With a cease-fire apparently hours away from implementation, Israelis seemed of two contradictory minds: We cannot defeat Hizbullah, but we cannot afford to stop fighting them.
The break in hostilities is being approached here not so much with an anticipation of peace, but as a closing of the window of opportunity to wage war against an ascendant enemy Israelis seem sure they will soon have to face off with again.
A glum pall cast itself widely here over the weekend, with people struggling to come to terms with the deaths of 24 soldiers Saturday in what was for Israel the single bloodiest day of fighting since the month-old war with the Lebanon-based militant group began.
Many here say the recent conflict will end in a kind of draw, which some in Israel have begun to perceive as the equivalent of a failure. The unexpectedly bruising war with limited achievements, has led many in the military to criticize Prime Minister Ehud Olmert's hesitation to put more ground forces in Lebanon earlier. This undermines his support at home and Israel's reputation as a dominant, effective military force, say analysts.
"Israel's image [in the region] is not so good for our point of view: The biggest army in the Middle East couldn't deal with a small organization," says Professor Reuven Pedhatzur, a political scientist at Tel Aviv University. "There was a misconception on our side regarding the abilities of Hizbullah. Nobody believed [that] after so many days, it would still have a central command and be effective. And no one thought there would be rockets after a whole month.
While Israel's political leaders highlighted the benefits Israel stood to gain in a cease-fire deal, military officials here sent some 30,000 troops into south Lebanon intending to control a large swath of Hizbullah's turf ahead of the deployment of an international peacekeeping force.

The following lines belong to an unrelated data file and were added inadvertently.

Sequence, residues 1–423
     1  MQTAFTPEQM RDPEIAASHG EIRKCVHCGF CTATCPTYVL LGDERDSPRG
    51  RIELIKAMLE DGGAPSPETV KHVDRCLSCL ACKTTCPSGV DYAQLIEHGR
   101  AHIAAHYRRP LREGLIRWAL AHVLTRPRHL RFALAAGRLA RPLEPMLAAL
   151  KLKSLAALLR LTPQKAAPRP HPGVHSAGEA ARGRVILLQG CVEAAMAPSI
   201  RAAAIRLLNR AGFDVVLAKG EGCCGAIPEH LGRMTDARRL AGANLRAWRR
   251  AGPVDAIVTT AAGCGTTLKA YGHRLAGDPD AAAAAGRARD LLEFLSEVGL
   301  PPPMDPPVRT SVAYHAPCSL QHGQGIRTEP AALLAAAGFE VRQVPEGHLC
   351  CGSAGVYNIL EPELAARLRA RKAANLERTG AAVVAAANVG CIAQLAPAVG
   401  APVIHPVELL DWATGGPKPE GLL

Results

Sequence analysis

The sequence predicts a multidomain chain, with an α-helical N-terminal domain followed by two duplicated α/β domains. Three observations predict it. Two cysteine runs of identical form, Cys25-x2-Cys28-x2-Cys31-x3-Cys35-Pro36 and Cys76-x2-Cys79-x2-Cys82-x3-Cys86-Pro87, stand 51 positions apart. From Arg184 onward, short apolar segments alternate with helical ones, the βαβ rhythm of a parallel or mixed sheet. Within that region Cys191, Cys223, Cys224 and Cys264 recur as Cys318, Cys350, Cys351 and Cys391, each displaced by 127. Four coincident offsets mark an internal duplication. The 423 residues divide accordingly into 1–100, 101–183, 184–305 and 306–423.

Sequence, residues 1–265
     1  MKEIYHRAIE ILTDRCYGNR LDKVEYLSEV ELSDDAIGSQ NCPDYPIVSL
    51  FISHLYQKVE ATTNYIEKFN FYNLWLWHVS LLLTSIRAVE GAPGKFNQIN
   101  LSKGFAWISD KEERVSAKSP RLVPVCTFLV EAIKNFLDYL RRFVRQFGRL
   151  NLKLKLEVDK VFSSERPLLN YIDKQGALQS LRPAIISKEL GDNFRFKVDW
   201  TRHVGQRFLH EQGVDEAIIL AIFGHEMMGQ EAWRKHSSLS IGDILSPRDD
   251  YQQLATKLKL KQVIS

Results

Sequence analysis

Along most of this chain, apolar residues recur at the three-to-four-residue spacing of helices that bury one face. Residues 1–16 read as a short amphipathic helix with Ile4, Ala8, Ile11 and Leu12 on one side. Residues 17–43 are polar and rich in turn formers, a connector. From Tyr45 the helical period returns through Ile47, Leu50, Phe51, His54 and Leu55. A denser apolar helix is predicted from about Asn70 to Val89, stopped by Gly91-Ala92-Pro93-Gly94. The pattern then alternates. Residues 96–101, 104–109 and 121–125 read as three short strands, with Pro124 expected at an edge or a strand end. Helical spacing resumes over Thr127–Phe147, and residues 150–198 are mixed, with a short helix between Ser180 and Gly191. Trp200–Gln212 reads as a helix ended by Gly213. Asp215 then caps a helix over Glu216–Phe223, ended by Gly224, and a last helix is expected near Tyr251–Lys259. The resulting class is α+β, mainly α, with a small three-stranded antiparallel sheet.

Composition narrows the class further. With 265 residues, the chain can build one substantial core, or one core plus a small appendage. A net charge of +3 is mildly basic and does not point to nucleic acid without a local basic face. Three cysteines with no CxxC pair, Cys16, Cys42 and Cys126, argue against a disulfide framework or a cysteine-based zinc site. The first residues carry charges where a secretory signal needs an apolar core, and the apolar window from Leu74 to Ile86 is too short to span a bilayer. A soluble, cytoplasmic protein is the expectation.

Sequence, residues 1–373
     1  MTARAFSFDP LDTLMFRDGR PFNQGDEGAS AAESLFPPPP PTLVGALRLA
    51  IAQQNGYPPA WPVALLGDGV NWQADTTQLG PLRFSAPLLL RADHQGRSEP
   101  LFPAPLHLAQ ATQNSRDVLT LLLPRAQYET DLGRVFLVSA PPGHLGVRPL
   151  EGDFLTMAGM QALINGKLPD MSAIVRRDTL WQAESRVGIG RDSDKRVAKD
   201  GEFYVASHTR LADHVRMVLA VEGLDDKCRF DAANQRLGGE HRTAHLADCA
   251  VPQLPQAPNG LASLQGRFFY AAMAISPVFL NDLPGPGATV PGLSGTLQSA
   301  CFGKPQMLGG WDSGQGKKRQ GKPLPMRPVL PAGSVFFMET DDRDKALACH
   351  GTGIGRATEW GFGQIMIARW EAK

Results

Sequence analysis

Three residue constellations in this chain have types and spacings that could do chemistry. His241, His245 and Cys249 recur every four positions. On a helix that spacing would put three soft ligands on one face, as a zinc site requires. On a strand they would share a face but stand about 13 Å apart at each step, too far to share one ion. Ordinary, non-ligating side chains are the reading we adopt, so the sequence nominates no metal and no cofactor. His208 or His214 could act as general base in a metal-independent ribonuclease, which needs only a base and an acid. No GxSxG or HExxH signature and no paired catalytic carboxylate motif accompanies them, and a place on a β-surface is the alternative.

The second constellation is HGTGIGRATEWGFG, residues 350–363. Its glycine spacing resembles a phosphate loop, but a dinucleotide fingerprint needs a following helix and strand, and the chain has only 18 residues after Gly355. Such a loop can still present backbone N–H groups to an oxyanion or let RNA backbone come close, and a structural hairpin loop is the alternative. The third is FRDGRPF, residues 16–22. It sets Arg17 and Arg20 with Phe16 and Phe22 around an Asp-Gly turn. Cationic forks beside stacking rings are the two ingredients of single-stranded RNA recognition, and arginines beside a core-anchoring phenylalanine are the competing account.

Mr. Olmert convinced his security cabinet Sunday to vote in favor of the UN resolution – reached by diplomats in New York early Saturday – to cease hostilities at 8 a.m. local time on Monday.
It is now apparent that, as the cease-fire came closer to fruition, the Israeli army asked the political leadership for more time to strike out at Hizbullah strongholds and enfeeble the Iranian-backed group's weapons-launching capabilities. "We are preparing the ground for a smoother entry of the international force into south Lebanon by cleaning up the launchers and the Hizbullah capability in that area in fierce battles – until tomorrow," Cabinet Minister Isaac Herzog said.
Some Israelis view the cease-fire deal as having addressed most of Israel's main concerns. The UN deal requires Hizbullah to move north of the Litani River, calls for the group's disarmament, and demands that there be a halt on weapons transferred to Hizbullah from Iran and Syria. But others here argue the deal does not provide for a clear path of implementation, and might only be a repeat of a UN Resolution 1559, which called for Hizbullah to be disarmed but was never put into practice.
"The achievements on paper look nice, but in fact they're not. The main goals were not achieved," says Moshe Maoz, a political scientist at the Hebrew University of Jerusalem and an expert on Israeli policy towards Lebanon and Syria.
"All of the government ministers are very happy because they can say that Hizbullah will be disarmed but who is going to do it?" says Maoz. "The Lebanese Army isn't going to do it, because it doesn't want a civil war. Will the French do it? I doubt it. I don't think they will spill their blood for someone here." The agreement, "will be given a try, but for how long?" he asks, reiterating concerns in Israel that Hizbullah will not be sufficiently enfeebled by the cease-fire deal. "They always come back, and they manage to smuggle arms back in in the interim."
Even if there are quieter days in the near future, the issue of whether Hizbullah will manage to rearm remains a key question here. Israelis solidly view this not so much as a conflict with Hizbullah alone, but as one with other regional powers, namely Iran – the provider of weapons – and Syria – the conduit between the two countries.
"They need a transition route for the weapons, so the key issue is Syria," says an Israeli defense analyst. And since Israel and Syria look unlikely to resolve their differences soon, the analyst adds, "the war is ending with both sides left with a taste in their mouths for the war to come."
• Hizbullah militia stop fighting immediately; Israel halts "offensive ... operations."
• Up to 15,000 new troops for the UN Interim Force in Lebanon (UNIFIL) deploy in south, with a mandate to take necessary action.
• Israel withdraws from southern Lebanon when fighting stops in parallel with the deployment of Lebanese and UN troops.
• Countries bar the delivery of weapons or military equipment, except for the Lebanese Army and UN troops.